Office of Community Standards
Office of Community Standards
Is there anyone on campus independent of the Office of Community Standards who can help me to navigate the campus conduct system?
Yes. The Ombudsman Office can assist you in navigating the campus conduct system. The website for the Ombudsman Office fully explains the parameters of the Ombudsman program.
What is the difference between a Hearing Committee and an Administrative Hearing?
Procedurally, both hearings are the same. The only difference is in the composition of who hears the case.
The Hearing Committee is comprised students and faculty/staff members. The number of people on the Committee varies depending on the charges being heard. Usually, it consists of two students and one staff or faculty member, but it can be up to five committee members (with no fewer than two students). The members of the Committee volunteer, and go through a training process.
Administrative Hearings are usually heard by one Administrative Hearing Officer but, depending on the charges, can be heard by up to three officers. Administrative Hearing Officers are faculty or staff members who go through additional training.
Do I need a lawyer?
No. There is no need for you to have a lawyer, as this is an administrative (rather than a legal) process. The campus discipline process is designed to be educational in nature. A lawyer is permitted in a hearing only if there are concurrent pending criminal charges stemming from the same incident.
When permitted to attend, the lawyer does not actively participate in the hearing. Specifically, the lawyer would not be permitted to speak to anyone but his/her client during the hearing, and serves to advise (rather than represent) the accused student. Lawyers are permitted in the advisory capacity in these cases for the protection of the accused student in the event that the audiotape of the hearing is subpoenaed for the court case.
Who is present during my hearing?
Committee Members/Administrative Hearing Officer – As stated above there are no less than 3 but can be up to 5 committee members in a given hearing or your Administrative Hearing Officer(s).
Accused Student(s) – This is the student who is accused of violating the community standards of conduct. If more than one student involved in the same incident chooses to go to a hearing, one hearing is conducted for all students involved.
Support Person – The support person is an individual who attends the hearing for the purpose of being supportive to the accused student (and the reporter in cases of sexual/physical aggressive/violent behavior) and must be a member of the College community (i.e. faculty, staff, or student). This person cannot be a family member or friend from home. The support person does not interact with anyone other than the student they are supporting. The support person can not also serve as a witness. However, the support person may serve as a character reference.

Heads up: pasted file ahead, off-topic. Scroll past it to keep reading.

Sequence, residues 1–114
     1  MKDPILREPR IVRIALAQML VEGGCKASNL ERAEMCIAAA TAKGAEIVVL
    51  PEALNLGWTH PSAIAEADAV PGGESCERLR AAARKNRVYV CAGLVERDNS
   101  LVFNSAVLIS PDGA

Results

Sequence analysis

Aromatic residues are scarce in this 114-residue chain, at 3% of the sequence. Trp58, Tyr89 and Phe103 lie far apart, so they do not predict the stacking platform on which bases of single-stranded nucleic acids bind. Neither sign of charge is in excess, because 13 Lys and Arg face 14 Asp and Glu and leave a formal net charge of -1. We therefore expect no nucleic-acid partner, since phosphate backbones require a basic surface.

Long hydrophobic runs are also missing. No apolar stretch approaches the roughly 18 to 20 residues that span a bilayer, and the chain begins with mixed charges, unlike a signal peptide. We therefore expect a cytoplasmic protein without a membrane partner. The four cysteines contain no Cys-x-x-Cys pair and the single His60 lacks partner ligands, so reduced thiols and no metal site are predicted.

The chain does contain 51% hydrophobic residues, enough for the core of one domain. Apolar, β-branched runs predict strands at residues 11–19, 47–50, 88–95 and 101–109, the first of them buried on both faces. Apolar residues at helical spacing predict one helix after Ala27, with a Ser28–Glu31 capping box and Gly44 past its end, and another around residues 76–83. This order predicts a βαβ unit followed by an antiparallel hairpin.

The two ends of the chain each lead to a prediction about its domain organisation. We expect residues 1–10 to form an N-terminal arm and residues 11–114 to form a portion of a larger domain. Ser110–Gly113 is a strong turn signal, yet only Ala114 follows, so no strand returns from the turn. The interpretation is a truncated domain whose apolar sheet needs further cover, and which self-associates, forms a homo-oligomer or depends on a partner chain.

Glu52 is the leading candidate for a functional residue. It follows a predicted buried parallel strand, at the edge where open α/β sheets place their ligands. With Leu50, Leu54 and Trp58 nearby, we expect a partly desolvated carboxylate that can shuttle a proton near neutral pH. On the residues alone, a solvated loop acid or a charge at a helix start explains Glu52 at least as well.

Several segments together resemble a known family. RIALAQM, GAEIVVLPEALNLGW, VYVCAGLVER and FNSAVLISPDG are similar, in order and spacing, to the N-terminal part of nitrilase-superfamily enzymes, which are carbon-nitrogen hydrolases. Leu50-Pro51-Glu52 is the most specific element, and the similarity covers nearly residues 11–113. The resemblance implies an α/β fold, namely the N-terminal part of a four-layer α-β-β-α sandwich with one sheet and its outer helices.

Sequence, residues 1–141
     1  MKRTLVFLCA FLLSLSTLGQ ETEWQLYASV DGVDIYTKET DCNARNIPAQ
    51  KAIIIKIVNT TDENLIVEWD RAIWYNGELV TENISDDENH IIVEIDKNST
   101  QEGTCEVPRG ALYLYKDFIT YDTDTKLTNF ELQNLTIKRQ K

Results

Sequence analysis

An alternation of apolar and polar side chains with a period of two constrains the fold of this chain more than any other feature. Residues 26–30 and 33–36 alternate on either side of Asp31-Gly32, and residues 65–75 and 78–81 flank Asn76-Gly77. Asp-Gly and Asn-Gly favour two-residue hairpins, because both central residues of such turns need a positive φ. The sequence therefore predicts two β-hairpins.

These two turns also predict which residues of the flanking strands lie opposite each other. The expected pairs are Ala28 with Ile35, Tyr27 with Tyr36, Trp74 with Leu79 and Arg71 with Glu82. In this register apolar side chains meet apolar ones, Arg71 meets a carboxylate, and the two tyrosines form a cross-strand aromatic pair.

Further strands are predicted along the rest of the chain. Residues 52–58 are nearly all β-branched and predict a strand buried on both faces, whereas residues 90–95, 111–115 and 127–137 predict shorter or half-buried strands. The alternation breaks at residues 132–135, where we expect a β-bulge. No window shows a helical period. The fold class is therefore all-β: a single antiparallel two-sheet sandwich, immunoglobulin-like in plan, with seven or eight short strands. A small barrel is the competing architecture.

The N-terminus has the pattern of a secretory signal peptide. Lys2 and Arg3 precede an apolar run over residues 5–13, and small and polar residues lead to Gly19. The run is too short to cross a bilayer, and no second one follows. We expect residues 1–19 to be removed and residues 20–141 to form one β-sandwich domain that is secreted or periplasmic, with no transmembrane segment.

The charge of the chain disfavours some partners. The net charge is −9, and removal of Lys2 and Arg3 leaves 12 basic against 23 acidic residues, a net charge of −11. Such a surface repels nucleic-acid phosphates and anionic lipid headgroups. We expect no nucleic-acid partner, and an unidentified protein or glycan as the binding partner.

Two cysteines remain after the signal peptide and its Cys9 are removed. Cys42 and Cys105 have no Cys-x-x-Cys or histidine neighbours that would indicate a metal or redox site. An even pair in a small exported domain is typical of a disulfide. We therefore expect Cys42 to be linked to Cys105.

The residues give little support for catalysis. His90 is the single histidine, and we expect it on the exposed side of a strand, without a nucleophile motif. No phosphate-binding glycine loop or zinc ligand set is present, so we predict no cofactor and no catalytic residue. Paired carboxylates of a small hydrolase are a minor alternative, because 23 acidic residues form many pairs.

Witnesses – There are two kinds of witnesses: witnesses to the event and character witnesses. The College will call anyone who wrote a report about the incident as a witness. The accused student (and the reporter in cases of sexual/physical aggressive/violent behavior) is responsible for bringing any other witness(es) that they want to present. There is no limit on how many incident witnesses can be at the hearing, although, the committee may decide that they don’t need to hear from all of them. The accused student (and the reporter in cases of sexual/physical aggressive/violent behavior) has the right to question the witness(es) by directing questions to the committee/hearing officer.
There can be 2-3 character witnesses at a hearing. These are people you bring in to make a statement about you so the committee gets a better picture of who you are, what you bring to the community, etc. These witnesses can be professors, family members or friends. You can also bring in as many character reference letters as you like.
Procedural Advisor – The procedural advisor is simply there to make sure the hearing goes smoothly and is procedurally correct. The procedural advisor assures that your rights as the accused student are not violated and that the reporter considerations (in cases of sexual/physical aggressive/violent behavior) are properly upheld. Additionally, the procedural advisor answers any questions that hearing committee/officers or any hearing participant may have. The advisor does not participate in the decision making process with the Committee. This is important to note, as the Procedural Advisor may be the individual who conducted your initial conference.
Reporter – In cases of sexual/physical aggressive/violent behavior, the reporter is the alleged victim in the incident. The reporter can choose to be present throughout the entire hearing, can have a support person, can question the accused student and witnesses and can bring in witnesses of his/her own.